SystemsSec 2018W Lecture 21

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Lecture 21 Audio


Last class we talked about virtualization and what security that gives you. In user mode and supervisor mode we have different privileges, the CPU is helping you, but what about when you don’t have the hardware to help you? How do you implement privileges inside a process? Like in a browser, code in a page shouldn’t have access to everything a browser can do. Modern browsers use the OS multiprocess model to protect, separate tabs are running in a different separate process. Inside of a process we want to limit the resources, we do this by using an abstraction, this abstraction is the language runtime.

In classic compile languages we have a an input source -> preprocessor -> compiler -> linker -> outputs a binary. A linker is just taking code and sticking it together, it resolve the symbolic references into actual addresses. The compiler takes the language and converts it into code that the processor executes. By processor we’re not talking about hardware, the processors actually have their own small compilers that do translation into another lower language. But the idea is that you can walk through from your code to to the assembly and map the instructions together.

What is a language runtime and how do we implement it? The language runtime is the code that provides the environment for your code. Ex: we expect command line arguments to be loaded to main, something has to do that. So any language higher than assembly has some sort of language runtime.

In most languages, apart from C, we don’t have direct access to resources. There is a language runtime in C but it’s very lightweight and is mostly before main is called. In C, the code that runs doesn’t start at the beginning of main, there are a whole bunch of system calls done automatically before main runs. Once you’re actually running C, you’re basically running directly on the hardware so there isn’t abstraction but most other languages aren’t like that.

Most other languages, classically, used an interpreter. An interpreter is similar to a shell prompt, it takes instructions line by line, interprets it, and then send it to run. Advantageous because it’s not very complex, just like a big set of case statements. Allows for fine grain control, like array bounds checking, but we loose efficiency because it’s going line by line.

Can we get safety and efficiency? Just in time (JIT) compilation is doing compilation in chunks as you go. But compiling is slow so we get around this by having multiple compilers. Compilation is not optimization, but we can do optimizations especially for loops. By using JIT, modern languages can get close to C’s speed.

Checking code at runtime isn’t efficient but the JIT compilers can guarantee some things so we don’t need to check them. But there can be bugs here and getting around them gives an attack C-like power. So how do we handle this? Instead of a compiler producing a binary, it produces byte code which is then run through a JIT to be translated into machine code. You can annotate your byte code with restrictions and context and the JIT will enforce the safety with this information and do optimization.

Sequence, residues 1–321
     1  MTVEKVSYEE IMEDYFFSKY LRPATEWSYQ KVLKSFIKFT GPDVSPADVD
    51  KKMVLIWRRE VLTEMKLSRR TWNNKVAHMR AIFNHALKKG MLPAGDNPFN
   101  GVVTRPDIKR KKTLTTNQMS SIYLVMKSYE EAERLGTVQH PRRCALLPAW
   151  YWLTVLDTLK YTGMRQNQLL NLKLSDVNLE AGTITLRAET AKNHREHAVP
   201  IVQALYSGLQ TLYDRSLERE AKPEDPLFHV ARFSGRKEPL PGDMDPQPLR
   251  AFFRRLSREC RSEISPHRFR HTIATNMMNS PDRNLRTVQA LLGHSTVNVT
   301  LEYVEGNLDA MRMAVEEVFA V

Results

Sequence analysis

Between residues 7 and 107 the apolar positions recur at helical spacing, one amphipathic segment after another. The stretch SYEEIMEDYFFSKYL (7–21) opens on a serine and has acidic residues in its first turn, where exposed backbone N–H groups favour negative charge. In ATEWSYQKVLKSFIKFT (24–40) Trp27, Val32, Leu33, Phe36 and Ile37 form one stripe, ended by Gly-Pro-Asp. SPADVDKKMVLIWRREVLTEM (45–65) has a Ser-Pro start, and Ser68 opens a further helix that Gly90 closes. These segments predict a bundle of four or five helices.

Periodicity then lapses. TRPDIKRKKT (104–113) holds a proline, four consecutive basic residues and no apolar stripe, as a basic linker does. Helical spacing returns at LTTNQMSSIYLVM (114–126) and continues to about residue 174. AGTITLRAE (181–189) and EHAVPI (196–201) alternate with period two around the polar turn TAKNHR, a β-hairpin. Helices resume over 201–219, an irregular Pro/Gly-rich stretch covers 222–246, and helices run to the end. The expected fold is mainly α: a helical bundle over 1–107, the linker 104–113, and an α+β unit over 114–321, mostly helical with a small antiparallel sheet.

This can be even faster than a regular runtime but in practice Java runs slower than Javascript, why? Code complexity and language complexity, when the language is complicated then the interpreter has to be more complicated. Also, for it’s permission model Java implements a full access control system, basically like a full OS does except instead of processes it has objects. What happens when a privileged object calls a less privileged object? It’s complicated. We have a language runtime so we have a point of control but how do we know who’s allowed to do what because it’s dynamic? So it’s based on who called you, the call stack. Part of the complexity of the JVM is stack introspection to figure out permissions. Was used a lot by signed (free access) vs unsigned (sandboxed) java applets. But then the Java runtime has to check the signatures. So you can end up with bugs at all levels, complexity is the enemy of security.

Talking about privileges at the process level, what about browsers? Think browser extensions. Extensions were originally just code loaded into the browser that could change how the browser worked. Nowadays, starting with chrome, extensions are given permissions. Modern browsers have to run javascript at different privilege levels which brings complexity and bugs, a lot of which are found in extensions.

In this context, what is sandboxing? Isolating code, limiting access kind of like a process. How do we implement this? Sandboxing is a goal, there’s no implementation specific details associated. NaCl (Native Client) runs X86 machine code in the browser but sandboxes it. Have something that makes sure the code is safe, removes instructions that violate rules, before running it. But they need to be more portable so they made pNaCl that runs byte code. Was standardized into web assembly. Lesson: sandboxing is not a technology, it’s a goal that wants to limit access, usually by filtering, maybe CPU help, etc.

What do we mean when we say that OSs sandbox apps? OS virtualization is at the heart of apps on mobiles and containers of servers. In the system model, it’s like putting a box around process(es). Disadvantage, kernels weren’t designed to do resource isolation, so resource sharing is complicated.